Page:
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Infographic: More Recovery Ahead For the Long-Term Unemployed

SAL0531- Job fair
FILE - Dozens of people line up to seek a job at the Wells Fargo call center in Salem, Ore., on Wednesday, May 30, 2012. The government reports at 8:30 a.m. EDT on the number of people who applied for first-time unemployment benefits last week. (AP Photo/Statesman-Journal, Thomas Patterson)AP

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Unemployment rate sees no change from February to March in a new jobs report released today by the U.S. Bureau of Labor Statistics. The U.S. economy however sees a 192,000 jobs increase.

When it comes to the unemployment rate in the United States, there is more to the numbers than meets the eye. Yes, the unemployment rate number has been inching down but the number of people looking for work for six months or more is unusually large. About 40 percent or 3.7 million of all people unemployed have been unemployed for more than 27 weeks, and that doesn't even count the number of people who have given up looking for a job.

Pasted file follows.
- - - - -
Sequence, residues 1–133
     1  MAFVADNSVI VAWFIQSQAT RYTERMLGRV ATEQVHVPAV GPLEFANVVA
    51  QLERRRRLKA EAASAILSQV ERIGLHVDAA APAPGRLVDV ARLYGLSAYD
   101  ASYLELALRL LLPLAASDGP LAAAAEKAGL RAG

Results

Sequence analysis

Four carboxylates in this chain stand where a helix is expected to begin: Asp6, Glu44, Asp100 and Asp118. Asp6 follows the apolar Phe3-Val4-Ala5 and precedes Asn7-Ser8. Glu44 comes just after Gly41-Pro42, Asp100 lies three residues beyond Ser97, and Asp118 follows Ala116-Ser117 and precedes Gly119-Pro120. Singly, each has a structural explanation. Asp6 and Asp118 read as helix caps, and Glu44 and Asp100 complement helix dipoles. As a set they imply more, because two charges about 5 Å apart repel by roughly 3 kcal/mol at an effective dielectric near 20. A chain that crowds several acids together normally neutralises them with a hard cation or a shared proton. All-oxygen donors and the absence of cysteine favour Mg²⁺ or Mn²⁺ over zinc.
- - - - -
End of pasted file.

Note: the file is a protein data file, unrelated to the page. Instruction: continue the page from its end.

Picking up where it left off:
While the ranks of the long-term unemployed have dropped since its 6.6 million peak in 2010, more Americans today have gone without a job for a longer period than any other time since the 1930's.

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